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Doctor faces investigation over alleged social media “misinformation”

Jensen's comments went viral and now he faces an inquiry.
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Senator Scott Jensen, who is also a family doctor, made a video about COVID-19 that went viral, particularly on Twitter and Facebook. As a result of the viral video, he is facing an investigation by the Minnesota Medical Review Board. According to the senator from Chaska, the complaints made to the review board might be politically motivated.

In April, as the coronavirus became the global conversation and the experts were offering conflicting advice, Jensen was trending on Twitter. The senator alleged that the guidelines provided by the Center for Disease Control and Prevention (CDC) were misleading and could potentially inflate the number of COVID-19 deaths.

The doctor called the guidelines “ridiculous”, and said that hospitals could inflate the numbers for revenue.

He even compared COVID-19 to the flu, noting the latter can kill up to several hundred people in the state of Minnesota annually. While both diseases are viral and contagious respiratory conditions, other medical experts are at a consensus that the coronavirus is way deadlier than influenza.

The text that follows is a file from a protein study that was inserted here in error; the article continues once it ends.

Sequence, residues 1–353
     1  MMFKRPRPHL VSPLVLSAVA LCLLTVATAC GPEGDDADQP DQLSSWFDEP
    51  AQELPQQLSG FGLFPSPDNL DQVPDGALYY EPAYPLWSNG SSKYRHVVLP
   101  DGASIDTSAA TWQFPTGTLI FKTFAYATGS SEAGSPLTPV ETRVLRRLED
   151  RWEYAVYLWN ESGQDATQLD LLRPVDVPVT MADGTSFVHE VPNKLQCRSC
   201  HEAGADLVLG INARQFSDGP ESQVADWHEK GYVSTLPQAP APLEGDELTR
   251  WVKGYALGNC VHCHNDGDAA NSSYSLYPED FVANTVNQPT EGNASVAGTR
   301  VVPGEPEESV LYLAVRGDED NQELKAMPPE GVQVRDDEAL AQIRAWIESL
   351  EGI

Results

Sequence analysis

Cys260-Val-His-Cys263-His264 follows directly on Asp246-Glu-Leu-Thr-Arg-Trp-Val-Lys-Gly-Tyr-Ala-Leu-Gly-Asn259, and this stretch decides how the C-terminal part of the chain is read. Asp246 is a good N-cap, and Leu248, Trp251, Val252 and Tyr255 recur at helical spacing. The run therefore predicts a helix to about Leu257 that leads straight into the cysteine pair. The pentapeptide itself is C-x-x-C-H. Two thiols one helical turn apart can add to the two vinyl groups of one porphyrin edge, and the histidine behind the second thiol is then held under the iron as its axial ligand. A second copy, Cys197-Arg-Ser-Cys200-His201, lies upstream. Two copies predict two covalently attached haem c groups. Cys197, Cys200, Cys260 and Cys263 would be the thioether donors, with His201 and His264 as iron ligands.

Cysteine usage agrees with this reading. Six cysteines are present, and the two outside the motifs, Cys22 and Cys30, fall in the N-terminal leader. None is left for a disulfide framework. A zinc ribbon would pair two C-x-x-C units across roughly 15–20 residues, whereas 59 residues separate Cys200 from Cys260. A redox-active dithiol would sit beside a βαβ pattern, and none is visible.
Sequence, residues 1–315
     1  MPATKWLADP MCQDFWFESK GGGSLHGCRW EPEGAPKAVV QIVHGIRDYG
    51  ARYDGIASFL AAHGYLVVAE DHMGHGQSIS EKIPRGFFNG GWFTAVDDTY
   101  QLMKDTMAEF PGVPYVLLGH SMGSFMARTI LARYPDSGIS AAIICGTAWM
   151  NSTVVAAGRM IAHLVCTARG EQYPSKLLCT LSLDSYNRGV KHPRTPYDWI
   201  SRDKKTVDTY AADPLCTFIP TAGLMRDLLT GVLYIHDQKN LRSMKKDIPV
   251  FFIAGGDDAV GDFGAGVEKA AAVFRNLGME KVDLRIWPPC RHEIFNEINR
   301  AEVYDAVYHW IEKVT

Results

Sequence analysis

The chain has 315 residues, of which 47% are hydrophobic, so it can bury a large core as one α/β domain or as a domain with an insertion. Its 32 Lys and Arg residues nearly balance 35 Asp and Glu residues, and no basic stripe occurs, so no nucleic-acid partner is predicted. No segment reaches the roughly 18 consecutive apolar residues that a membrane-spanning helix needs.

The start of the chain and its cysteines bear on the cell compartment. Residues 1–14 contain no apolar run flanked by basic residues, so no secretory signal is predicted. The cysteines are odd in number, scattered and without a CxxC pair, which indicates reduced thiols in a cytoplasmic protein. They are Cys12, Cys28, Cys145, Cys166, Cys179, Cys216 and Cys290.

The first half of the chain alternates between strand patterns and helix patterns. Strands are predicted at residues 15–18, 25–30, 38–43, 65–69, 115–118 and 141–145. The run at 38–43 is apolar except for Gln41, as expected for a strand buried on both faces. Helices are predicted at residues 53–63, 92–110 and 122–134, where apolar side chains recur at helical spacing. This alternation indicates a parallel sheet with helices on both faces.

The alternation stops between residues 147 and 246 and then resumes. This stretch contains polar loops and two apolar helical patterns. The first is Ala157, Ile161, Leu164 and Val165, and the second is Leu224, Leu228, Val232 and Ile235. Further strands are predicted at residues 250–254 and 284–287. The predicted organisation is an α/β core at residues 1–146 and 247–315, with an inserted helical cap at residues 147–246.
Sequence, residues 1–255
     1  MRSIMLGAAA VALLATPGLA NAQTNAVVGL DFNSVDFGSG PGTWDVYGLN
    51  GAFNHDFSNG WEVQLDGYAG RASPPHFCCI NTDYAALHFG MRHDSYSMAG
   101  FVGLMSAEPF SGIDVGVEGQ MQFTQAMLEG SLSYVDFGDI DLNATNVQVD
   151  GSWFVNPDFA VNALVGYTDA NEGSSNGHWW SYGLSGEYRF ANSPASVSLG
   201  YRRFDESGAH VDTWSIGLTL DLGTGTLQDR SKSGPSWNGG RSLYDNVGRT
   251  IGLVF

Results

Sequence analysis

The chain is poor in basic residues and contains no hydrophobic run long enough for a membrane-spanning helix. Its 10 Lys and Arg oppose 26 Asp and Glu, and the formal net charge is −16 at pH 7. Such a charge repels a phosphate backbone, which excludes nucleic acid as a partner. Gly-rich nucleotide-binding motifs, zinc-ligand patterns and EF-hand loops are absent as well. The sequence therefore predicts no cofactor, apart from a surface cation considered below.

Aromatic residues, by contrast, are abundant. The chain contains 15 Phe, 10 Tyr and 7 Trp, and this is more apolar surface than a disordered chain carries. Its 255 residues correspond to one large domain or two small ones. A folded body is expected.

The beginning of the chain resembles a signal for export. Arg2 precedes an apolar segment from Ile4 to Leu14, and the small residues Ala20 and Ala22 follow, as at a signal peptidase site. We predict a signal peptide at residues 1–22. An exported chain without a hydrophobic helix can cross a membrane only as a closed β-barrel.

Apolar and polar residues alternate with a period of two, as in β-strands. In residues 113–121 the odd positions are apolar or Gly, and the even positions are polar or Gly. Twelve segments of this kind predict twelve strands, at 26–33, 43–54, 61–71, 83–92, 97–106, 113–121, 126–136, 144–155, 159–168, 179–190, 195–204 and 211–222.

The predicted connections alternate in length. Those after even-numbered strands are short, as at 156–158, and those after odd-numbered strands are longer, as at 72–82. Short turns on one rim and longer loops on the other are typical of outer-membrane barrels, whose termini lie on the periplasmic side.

After going viral, Jensen, a doctor of forty years, received a letter from the state’s medical review board this week. Part of the letter read, “The Board has received complaints regarding public messages you made related to COVID-19. In accordance with Minnesota law, the Board is required to make inquiries into all complaints and reports wherein violations of the Medical Practice Act are alleged.”

The senator says he does not regret the remarks that have led to this review. He feels that the complaints to the medical Board over coronavirus misinformation are politically motivated.

Two complaints were made to the Board. But the letter does not reveal who made the complaints, as is standard practice.

Minnesota Senate Majority Leader Paul Gazelka expressed support for Jensen. He said that the Minnesota senator remarks “have proven to be right.” Gazelka referred to an article on USA Today that said hospitals got paid more for COVID-19 patients.

Gazelka also suggested that the complaints are politically motivated. “We are looking into whether or not the Board is compelled to investigate every complaint or if they are choosing to investigate Dr Jensen. Legislators should not have to fear regulators based on their speech. If the bureaucratic state can silence speech through investigations, we have very dark times ahead for our democracy.”

That said, the senator appears not to be worried by the complaints. He even said he does not plan to hire a legal team to help when he appears before the medical review board to answer for his social media “misinformation.”

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